The shifting tides of finance: Deutsche Bank's move out of London
In the post-Brexit era, the economic and financial future of the European continent has been shrouded in uncertainty. As a consequence, Deutsche Bank has consolidated former London-based operations in Frankfurt. The €450 million in lost business capital is symptomatic of the growing trends that threaten to derail the UK’s dominant position in European finance.
What business has been moved?
Deutsche Bank intends to turn its London-based operations into a ‘ring-fenced’ subsidiary, as reported by a source to Business Insider. The term ‘ring-fenced’ refers to an operational model wherein a portion of assets and profits are financially separated for a variety of reasons, such as regulatory. The most recent iteration as part of this shift has been towards its Euro-Clearing operations for derivatives.
What is Euro-Clearing?
Clearing is a requirement regarding the issuing and sale of derivatives, which are simply financial contracts with the intention of minimizing risk in commodities. When derivatives are sold, a clearing house acts as an intermediary between the buyer and seller and insures that the necessary financial payments (most commonly the interest on derivatives) are made. By covering either party in the case that the other defaults, clearing houses are vital backdrops for financial markets, and prevent a single default from spreading through the entire financial system.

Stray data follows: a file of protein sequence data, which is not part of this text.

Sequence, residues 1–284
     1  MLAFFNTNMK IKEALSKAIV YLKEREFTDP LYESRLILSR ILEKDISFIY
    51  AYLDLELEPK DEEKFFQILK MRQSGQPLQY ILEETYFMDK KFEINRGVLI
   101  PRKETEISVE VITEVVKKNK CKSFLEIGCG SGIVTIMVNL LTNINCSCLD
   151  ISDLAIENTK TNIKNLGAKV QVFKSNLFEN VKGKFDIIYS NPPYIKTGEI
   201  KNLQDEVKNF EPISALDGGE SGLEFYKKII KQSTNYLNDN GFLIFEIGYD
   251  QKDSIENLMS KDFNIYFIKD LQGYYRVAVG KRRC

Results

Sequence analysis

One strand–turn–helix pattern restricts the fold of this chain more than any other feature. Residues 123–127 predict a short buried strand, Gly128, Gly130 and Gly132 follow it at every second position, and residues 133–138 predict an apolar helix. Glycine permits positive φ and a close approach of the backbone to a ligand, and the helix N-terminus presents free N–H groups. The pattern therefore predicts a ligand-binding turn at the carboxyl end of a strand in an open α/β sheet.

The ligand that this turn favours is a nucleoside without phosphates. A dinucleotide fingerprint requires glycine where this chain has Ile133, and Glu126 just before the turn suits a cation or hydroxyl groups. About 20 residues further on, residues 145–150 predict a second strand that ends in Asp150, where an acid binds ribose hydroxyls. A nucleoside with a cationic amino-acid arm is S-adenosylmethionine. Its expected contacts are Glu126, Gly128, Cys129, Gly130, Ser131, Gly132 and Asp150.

What is the impact on a global scale?
Currently, LCH, a subsidiary of the London Stock Exchange handles over 95% of the European based clearing, ensuring interest payments valued at $639tn, $143tn of which are for Euro-based derivatives. Deutsche Bank has opted to process the short-dated derivatives through the Frankfurt based clearing house, Eurex. While this does not require any physical change, and jobs in the UK will remain untouched for now, this could change in the not-too-distant future. Frankfurt, host to plethora of financial businesses, is just one of many prime European cities attempting to poach London’s business. While half of British Clearing is still done for US dollars, Paris, Luxembourg, Amsterdam, and many others are implementing legislation and making the necessary changes to inherit London’s role in the global clearing industry.
It is evident that many similar instances are to follow as the world adjusts to the changing power dynamics sparked by Brexit. Business always pursues an environment where conditions are most favoring, and it remains to be seen if a post-Brexit UK will be able to deliver. It seems Deutsche Bank is not taking any chances.